Retail Theft & Crime
Retail environments can be a tempting target for criminals, with retail crime costing Australian retailers billions every year. And that cost doesn’t include the loss of time spent responding to the crime or the stress and other mental health impacts of witnessing a criminal event.
Fortunately, there are steps you can take to reduce the risk of crime occurring in your business and minimise its impact in the event that it does occur.
Learn how to prevent and respond to common types of retail crimes including shoplifting, violent customers, armed robbery, and credit card fraud.
Keeping staff safe
Staff members can play an important role in preventing and responding to crime, but keep in mind that their safety should be your number one priority. If you work in your shop yourself, that includes your own safety too. Don’t try to be a hero – human life is always more valuable than any goods or cash stolen. Some key measures to keep staff safe include:
- Avoid having one person working alone. In the event of staff shortages, consider closing areas of your store so that your shop floor is always observable to staff
- Display a list of relevant phone numbers to contact in an emergency
- Consult staff when developing protocols to respond to criminal activity and give them opportunities to provide feedback
- Communicate protocols to staff and consider holding drills
- Emphasise to them that their number one priority should be ensuring their safety
- In the event that staff members witness violent crime, offer them counselling or refer them to crime victim services (see further resources
Avoiding Credit Card Chargebacks
Credit card chargebacks are on the rise and can be a growing cost to your business. Merchant fees and retrieved funds impact on cashflow, while managing the disputes take time and energy that could be better directed to your business. Learn how to recognise and protect your business from the disruption caused by fraudulent charge backs.
Safe Cash Handling
Keeping cash at your business can increase the risk of robberies and burglaries, but even in the digital age, there are many reasons why retailers may choose to trade in cash. From using safes to counting cash to transporting it to the bank, these are the things you need to know to handle cash safely and discreetly.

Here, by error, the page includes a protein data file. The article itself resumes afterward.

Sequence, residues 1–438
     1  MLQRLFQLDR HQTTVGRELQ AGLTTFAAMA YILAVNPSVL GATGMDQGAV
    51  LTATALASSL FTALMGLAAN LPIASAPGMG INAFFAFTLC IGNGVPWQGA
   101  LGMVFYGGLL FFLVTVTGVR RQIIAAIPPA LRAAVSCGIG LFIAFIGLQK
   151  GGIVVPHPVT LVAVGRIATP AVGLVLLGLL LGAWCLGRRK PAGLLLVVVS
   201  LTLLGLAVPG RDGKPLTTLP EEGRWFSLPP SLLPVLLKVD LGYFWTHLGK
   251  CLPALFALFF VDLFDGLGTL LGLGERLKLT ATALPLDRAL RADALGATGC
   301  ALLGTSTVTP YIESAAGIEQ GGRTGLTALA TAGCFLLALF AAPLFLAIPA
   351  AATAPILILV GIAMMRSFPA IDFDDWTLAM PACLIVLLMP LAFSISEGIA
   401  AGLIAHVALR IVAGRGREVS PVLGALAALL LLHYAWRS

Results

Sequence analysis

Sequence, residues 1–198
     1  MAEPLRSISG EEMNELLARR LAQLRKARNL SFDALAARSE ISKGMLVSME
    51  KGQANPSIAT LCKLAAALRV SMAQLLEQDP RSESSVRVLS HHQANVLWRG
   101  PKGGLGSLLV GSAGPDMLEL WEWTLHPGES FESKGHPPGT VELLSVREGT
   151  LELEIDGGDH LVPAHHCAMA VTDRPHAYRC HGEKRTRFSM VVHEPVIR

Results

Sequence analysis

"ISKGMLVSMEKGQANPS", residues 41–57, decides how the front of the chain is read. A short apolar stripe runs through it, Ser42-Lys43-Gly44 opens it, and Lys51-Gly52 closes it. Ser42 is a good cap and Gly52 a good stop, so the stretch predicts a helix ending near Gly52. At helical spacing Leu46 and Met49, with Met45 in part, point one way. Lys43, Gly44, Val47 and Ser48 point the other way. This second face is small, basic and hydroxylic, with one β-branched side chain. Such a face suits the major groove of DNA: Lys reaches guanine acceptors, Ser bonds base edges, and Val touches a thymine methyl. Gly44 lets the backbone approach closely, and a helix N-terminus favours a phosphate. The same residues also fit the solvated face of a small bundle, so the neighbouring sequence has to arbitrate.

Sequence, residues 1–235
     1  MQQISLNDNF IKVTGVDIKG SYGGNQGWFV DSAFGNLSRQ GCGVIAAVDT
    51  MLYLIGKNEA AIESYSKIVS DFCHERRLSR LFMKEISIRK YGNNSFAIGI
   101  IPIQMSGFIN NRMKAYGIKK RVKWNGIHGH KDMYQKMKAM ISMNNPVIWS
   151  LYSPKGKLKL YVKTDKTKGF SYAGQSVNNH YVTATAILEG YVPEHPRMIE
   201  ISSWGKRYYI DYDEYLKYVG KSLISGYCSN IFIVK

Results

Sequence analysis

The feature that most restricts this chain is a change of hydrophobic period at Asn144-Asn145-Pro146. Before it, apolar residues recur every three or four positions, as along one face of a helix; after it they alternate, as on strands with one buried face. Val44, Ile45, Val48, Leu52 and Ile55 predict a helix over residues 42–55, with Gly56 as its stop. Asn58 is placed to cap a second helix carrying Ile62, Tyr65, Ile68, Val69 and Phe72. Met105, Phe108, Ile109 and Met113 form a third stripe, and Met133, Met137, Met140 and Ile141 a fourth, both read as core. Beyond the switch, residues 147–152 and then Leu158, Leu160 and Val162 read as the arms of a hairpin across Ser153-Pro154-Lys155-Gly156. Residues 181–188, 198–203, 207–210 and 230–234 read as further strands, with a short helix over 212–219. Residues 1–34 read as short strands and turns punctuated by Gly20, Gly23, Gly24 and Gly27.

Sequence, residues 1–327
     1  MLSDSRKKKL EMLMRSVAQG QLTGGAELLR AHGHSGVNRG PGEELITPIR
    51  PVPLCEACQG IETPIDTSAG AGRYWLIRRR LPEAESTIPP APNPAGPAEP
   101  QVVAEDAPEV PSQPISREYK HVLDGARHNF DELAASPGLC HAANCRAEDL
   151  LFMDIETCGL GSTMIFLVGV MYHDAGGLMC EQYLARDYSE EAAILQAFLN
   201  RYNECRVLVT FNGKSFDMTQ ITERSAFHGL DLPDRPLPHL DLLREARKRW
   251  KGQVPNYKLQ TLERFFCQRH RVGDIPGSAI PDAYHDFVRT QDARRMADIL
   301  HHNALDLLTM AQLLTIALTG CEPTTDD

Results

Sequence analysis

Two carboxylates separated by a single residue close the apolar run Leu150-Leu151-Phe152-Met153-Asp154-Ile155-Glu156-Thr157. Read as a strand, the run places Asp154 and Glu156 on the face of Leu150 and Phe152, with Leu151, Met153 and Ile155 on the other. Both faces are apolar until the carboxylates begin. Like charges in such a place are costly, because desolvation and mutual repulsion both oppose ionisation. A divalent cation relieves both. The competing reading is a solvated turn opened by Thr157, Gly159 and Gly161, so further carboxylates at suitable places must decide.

Armed robbery is one of the most frightening types of retail crimes, but there are steps you can take to minimise harm if one does occur. With the right preparation, such as training staff how to respond, using security technology, and maximising visibility in your store, you can keep your employees safe and make it more likely for an offender to be identified and caught by the police. Always obey the offender – no amount of money is worth risking your life.
While most customers are polite and reasonable, there will always be those who, for various reasons, behave poorly. Staff should be trained in how to respond to these types of customers, with an emphasis on good customer service and de-escalation techniques.
Making a Police Statement
For many of the types of crimes listed above, staff and customers who witnessed the event may be asked to provide a police statement. A police statement is nothing to be intimidated by – it is simply an account of what the person witnessed, including what the offender did and said, what they looked like and what they sounded like. Here are the kinds of details the police might like to know.
Manage Disrespectful, Aggressive or Abusive Customers
Do you, or your team, know how to effectively deal with customer aggression? This Skill Set offered by the ARA Retail Institute is designed for individuals seeking additional skills to manage disrespectful, aggressive or abusive customer behaviour. It particularly applies to retail industry work environments.
Loss Prevention Micro-Course
This program has been designed to lead you through an investigation into the fundamentals of store security and safety, followed by the application of each in a retail context.
Important phone numbers
000 – for emergencies
131 444 – police assistance for reporting a crime when there is no immediate danger